Document Detail


Development of a tissue-engineered vascular graft combining a biodegradable scaffold, muscle-derived stem cells and a rotational vacuum seeding technique.
MedLine Citation:
PMID:  18035412     Owner:  NLM     Status:  MEDLINE    
Abstract/OtherAbstract:
There is a clinical need for a tissue-engineered vascular graft (TEVG), and combining stem cells with biodegradable tubular scaffolds appears to be a promising approach. The goal of this study was to characterize the incorporation of muscle-derived stem cells (MDSCs) within tubular poly(ester urethane) urea (PEUU) scaffolds in vitro to understand their interaction, and to evaluate the mechanical properties of the constructs for vascular applications. Porous PEUU scaffolds were seeded with MDSCs using our recently described rotational vacuum seeding device, and cultured inside a spinner flask for 3 or 7 days. Cell viability, number, distribution and phenotype were assessed along with the suture retention strength and uniaxial mechanical behavior of the TEVGs. The seeding device allowed rapid even distribution of cells within the scaffolds. After 3 days, the constructs appeared completely populated with cells that were spread within the polymer. Cells underwent a population doubling of 2.1-fold, with a population doubling time of 35 h. Stem cell antigen-1 (Sca-1) expression by the cells remained high after 7 days in culture (77+/-20% vs. 66+/-6% at day 0) while CD34 expression was reduced (19+/-12% vs. 61+/-10% at day 0) and myosin heavy chain expression was scarce (not quantified). The estimated burst strength of the TEVG constructs was 2127+/-900 mm Hg and suture retention strength was 1.3+/-0.3N. We conclude from this study that MDSCs can be rapidly seeded within porous biodegradable tubular scaffolds while maintaining cell viability and high proliferation rates and without losing stem cell phenotype for up to 7 days of in-vitro culture. The successful integration of these steps is thought necessary to provide rapid availability of TEVGs, which is essential for clinical translation.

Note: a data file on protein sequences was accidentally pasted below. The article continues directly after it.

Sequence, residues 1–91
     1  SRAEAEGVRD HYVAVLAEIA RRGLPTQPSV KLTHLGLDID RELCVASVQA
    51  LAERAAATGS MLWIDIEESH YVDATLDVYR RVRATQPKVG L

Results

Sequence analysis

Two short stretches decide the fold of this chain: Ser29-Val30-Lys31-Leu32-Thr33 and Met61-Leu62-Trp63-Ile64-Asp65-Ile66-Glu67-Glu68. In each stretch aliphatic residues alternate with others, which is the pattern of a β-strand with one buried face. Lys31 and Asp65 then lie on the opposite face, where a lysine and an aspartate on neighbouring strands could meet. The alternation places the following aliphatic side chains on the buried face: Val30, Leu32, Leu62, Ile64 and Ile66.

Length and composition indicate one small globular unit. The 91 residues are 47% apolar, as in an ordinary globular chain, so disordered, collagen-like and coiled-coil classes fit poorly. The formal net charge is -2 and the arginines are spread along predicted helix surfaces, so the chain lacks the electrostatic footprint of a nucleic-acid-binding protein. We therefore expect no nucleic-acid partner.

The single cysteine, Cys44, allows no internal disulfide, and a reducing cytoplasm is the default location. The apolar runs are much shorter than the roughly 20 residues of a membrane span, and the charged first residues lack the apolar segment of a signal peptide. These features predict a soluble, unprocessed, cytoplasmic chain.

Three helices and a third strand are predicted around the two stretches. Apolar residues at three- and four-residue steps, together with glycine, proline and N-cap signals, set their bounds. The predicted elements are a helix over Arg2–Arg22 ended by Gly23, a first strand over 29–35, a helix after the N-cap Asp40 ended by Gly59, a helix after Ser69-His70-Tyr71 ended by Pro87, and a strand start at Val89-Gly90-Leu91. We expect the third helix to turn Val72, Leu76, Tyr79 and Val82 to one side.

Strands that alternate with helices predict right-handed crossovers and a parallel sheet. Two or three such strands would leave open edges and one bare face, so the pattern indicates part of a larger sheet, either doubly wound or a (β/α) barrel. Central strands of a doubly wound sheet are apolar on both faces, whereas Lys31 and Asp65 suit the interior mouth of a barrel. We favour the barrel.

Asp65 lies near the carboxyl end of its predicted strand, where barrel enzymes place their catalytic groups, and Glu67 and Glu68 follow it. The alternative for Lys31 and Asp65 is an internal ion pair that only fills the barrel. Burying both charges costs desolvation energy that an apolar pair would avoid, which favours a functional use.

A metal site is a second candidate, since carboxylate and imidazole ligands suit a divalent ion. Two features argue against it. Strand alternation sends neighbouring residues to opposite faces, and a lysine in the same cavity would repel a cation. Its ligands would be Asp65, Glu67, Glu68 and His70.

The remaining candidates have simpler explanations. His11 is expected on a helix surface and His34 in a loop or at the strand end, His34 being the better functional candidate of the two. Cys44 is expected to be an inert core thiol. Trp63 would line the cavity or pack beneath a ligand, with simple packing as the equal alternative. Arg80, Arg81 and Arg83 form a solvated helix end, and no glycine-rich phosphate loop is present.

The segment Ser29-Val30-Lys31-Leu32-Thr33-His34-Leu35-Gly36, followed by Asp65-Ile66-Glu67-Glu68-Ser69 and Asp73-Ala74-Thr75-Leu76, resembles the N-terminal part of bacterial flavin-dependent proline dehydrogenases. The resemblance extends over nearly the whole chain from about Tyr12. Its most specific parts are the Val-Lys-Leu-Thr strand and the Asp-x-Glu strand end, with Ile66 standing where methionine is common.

Authors:
Alejandro Nieponice; Lorenzo Soletti; Jianjun Guan; Bridget M Deasy; Johnny Huard; William R Wagner; David A Vorp
Publication Detail:
Type:  Journal Article; Research Support, N.I.H., Extramural; Research Support, Non-U.S. Gov't     Date:  2007-11-26
Journal Detail:
Title:  Biomaterials     Volume:  29     ISSN:  0142-9612     ISO Abbreviation:  Biomaterials     Publication Date:  2008 Mar 
Date Detail:
Created Date:  2007-12-24     Completed Date:  2008-02-29     Revised Date:  2014-09-18    
Medline Journal Info:
Nlm Unique ID:  8100316     Medline TA:  Biomaterials     Country:  England    
Other Details:
Languages:  eng     Pagination:  825-33     Citation Subset:  IM    
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MeSH Terms
Descriptor/Qualifier:
Animals
Biocompatible Materials*
Blood Vessel Prosthesis*
Cell Separation
Cells, Cultured
Mice
Muscles / cytology*
Stem Cells / cytology*
Tissue Engineering / methods*
Grant Support
ID/Acronym/Agency:
R01 HL069368/HL/NHLBI NIH HHS; R01 HL069368/HL/NHLBI NIH HHS; R01 HL069368-05/HL/NHLBI NIH HHS
Chemical
Reg. No./Substance:
0/Biocompatible Materials
Comments/Corrections

From MEDLINE®/PubMed®, a database of the U.S. National Library of Medicine


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